terminal stage alzheimers palliative care

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normal terminal stage alzheimers palliative care

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I would be grateful for any advice. My mother has had early onset alzheimers for 15years. She is in her early 60's and has been in care for 7 years.
She is now profoundly deaf, blind, incontinent. Unable to communicate in any way and cannot stand or move unaided.
She screams just about non stop at 30 second intervals for approximately 15 hours per day. This has been happening for the last 5 weeks - (this seriously that is).
She appears to be really tormented rather than in pain. It is incredible distressing for the family and for the other patients and nursing staff.
We have been told by the hospital that this is the most severe case they have seen.
We wish to have palliative morphine treatment started to try to abate the screaming and give her some peace. Does anyone have any knowledge or suggestions for alzheimers in such an advanced state.
Your suggestions would be appreciated we are unable to cope with this anymore and find seeing our mother like this incredibly distressing.


Posted on 2003/6/7 4:19




normal Re: terminal stage alzheimers palliative care

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2003/4/26
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Dear Friend:

First, we are so saddened to hear of the pain that you are going through and the torment that it sounds like your mother is enduring.

Barb will know more about this than I do. If she doesn't she can probably find out. And she will respond, when she gets some time. We're caring for a sick one at the moment, so it may be Monday before she gets around to it.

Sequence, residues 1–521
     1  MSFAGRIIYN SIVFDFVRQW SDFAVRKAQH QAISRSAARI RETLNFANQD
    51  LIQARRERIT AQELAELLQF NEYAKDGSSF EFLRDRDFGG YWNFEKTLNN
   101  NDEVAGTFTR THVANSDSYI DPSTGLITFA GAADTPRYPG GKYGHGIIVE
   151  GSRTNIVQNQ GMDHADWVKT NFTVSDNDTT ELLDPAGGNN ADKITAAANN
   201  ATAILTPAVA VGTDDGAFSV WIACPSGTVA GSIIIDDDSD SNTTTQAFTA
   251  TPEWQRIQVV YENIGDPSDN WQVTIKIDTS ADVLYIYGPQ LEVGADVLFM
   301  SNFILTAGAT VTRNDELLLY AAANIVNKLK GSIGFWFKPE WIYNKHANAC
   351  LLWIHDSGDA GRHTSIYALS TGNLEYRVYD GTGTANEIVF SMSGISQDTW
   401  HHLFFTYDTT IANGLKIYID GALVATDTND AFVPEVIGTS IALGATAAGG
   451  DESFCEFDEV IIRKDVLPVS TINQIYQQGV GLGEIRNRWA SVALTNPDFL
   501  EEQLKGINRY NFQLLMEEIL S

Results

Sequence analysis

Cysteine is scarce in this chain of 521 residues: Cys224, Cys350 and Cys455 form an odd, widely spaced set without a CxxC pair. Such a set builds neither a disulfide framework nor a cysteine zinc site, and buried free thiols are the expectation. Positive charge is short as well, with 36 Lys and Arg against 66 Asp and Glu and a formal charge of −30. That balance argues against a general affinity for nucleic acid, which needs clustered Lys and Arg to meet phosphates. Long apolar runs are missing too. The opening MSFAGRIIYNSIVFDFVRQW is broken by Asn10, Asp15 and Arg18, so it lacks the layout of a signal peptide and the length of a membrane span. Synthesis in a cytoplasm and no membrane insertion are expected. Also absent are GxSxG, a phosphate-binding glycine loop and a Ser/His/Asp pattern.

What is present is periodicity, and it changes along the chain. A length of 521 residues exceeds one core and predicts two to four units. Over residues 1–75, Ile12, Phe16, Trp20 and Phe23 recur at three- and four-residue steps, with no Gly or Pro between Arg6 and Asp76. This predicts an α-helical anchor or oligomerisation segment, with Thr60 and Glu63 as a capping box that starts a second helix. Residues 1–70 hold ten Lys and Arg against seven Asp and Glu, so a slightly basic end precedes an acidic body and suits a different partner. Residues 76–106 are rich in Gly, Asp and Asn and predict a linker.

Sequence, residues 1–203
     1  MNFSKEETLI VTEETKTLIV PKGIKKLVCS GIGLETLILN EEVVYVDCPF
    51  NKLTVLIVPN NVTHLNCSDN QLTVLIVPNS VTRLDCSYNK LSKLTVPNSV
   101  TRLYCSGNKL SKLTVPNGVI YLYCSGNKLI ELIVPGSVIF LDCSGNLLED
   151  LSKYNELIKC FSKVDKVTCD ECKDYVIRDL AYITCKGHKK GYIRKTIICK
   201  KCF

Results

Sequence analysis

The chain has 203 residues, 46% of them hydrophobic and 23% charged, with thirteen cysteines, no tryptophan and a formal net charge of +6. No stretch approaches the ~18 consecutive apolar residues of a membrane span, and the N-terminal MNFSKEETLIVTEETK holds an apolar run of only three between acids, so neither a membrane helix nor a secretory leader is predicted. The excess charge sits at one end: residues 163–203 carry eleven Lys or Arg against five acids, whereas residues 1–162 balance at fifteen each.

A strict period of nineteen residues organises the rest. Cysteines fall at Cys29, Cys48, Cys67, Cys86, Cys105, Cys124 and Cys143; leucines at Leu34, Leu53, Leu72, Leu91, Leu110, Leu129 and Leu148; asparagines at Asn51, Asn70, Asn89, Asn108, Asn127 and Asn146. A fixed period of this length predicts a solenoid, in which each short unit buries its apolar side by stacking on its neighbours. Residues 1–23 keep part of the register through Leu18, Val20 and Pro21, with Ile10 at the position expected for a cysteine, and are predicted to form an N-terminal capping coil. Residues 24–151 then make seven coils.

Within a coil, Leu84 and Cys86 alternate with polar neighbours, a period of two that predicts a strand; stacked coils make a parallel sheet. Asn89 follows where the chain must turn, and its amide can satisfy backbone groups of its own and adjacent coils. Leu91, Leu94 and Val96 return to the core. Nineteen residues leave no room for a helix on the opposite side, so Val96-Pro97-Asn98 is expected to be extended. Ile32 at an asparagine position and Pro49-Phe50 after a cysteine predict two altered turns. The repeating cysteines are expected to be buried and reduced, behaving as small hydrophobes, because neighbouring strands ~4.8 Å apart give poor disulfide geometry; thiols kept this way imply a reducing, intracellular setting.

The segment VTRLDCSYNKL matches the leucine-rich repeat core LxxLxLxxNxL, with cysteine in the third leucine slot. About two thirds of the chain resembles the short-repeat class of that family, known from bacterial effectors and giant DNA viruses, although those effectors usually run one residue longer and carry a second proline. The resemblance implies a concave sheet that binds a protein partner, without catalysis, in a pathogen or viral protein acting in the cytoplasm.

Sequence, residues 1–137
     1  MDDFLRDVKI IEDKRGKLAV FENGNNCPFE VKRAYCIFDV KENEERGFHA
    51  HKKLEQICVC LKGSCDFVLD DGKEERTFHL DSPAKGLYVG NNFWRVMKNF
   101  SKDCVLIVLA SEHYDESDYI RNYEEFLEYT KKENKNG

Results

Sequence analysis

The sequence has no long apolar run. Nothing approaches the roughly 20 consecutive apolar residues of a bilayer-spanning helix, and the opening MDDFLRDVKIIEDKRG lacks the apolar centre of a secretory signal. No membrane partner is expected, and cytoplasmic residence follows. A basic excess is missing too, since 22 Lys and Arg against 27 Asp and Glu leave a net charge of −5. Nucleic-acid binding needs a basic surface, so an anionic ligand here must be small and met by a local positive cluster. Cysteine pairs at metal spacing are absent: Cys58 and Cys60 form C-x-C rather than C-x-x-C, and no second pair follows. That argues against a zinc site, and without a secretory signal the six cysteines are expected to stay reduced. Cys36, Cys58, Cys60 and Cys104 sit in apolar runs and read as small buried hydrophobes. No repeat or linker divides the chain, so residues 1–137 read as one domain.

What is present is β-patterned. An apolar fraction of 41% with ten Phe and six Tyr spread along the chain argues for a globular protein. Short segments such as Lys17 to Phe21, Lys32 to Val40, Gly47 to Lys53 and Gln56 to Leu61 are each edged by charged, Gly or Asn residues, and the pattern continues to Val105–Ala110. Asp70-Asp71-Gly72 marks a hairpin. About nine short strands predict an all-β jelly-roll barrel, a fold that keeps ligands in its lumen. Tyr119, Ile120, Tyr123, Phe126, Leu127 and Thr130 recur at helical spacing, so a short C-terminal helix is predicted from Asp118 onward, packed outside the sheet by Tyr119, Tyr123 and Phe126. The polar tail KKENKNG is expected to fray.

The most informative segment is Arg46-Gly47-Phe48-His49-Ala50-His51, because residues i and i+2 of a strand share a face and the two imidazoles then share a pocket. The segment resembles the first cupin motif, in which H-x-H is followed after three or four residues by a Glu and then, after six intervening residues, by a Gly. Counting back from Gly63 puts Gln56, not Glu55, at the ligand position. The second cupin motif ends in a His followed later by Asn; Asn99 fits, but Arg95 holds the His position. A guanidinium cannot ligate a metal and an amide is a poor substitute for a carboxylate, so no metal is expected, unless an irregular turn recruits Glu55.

The term for what you are talking about is terminal sedation. It is a pathway that needs to be carefully chosen, as some facilities will proabably balk at it, and others might try to have you move your dear mother out. They are often worried about being confronted by regulators with chemical restraint.

I'm assuming that you have a hospice involved. And, yes, they do care for patients in the hospital, as well. A hospice provider should be involved. Hospice providers are generally more familiar with extended periods of pain management. Moreover, they may have some additional clout as patient and family advocates. Whether the yelling out is due to pain or psychic suffering, your perception is that she is suffering. Terminal sedation is an option. Personally, I've told Barb that if I am suffering, that I want to be terminally sedated. If she likes, she can try to bring me around occasionally to see if the pain is gone enough that I can enjoy being with her, but otherwise, I don't want to be in pain.

Going back to pain medicine, medical facilities are often very wary about giving high doses of morphine. But, the medical ethics are clear, and have been for centuries, stating that Quote:

...it is morally sound to give the amount of medication necessary to relieve pain, if that is the intention, even if it will likely lead to the secondary effect (thus, the double effect) of the patient's death.

For more on the double effect, from all angles, CLICK HERE.

In general, hospices, in my opinion, have been more comfortable honoring this time-honored principle. In other words, they should, and will, give what medications it takes to ease your mother's suffering, if that is what you believe she would want and you would want. To be clear, ElderHope is against euthanasia, very strongly. We do, however, want to see the suffering of patients controlled: "First, do no harm."

It may take the rebalancing of the meds. It would be helpful if we were able to know what meds (and amounts) she is taking, at least the pain meds and the psych meds. For instance, we have seen anti-psychotics help some patients greatly: Others, it just makes the situation worse. In any case, if you can let us know what she's getting, we might be able to ask some friends come next week.

God knows, we feel for you. Please take care. Consider getting hospice involved and tell them what you wrote here: that you want the suffering controlled. We'll say some prayers for you and for yours...


Posted on 2003/6/7 11:01




normal Re: terminal stage alzheimers palliative care


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2002/12/10
From: Rowlett
Posts: 56
Along with Mike, I am so sorry for your mother's current state and for you and your family . . . I was just wondering, what medications is she currently taking? Has there been any change in dosages, etc.? Is she taking any anti-psychotic type medications?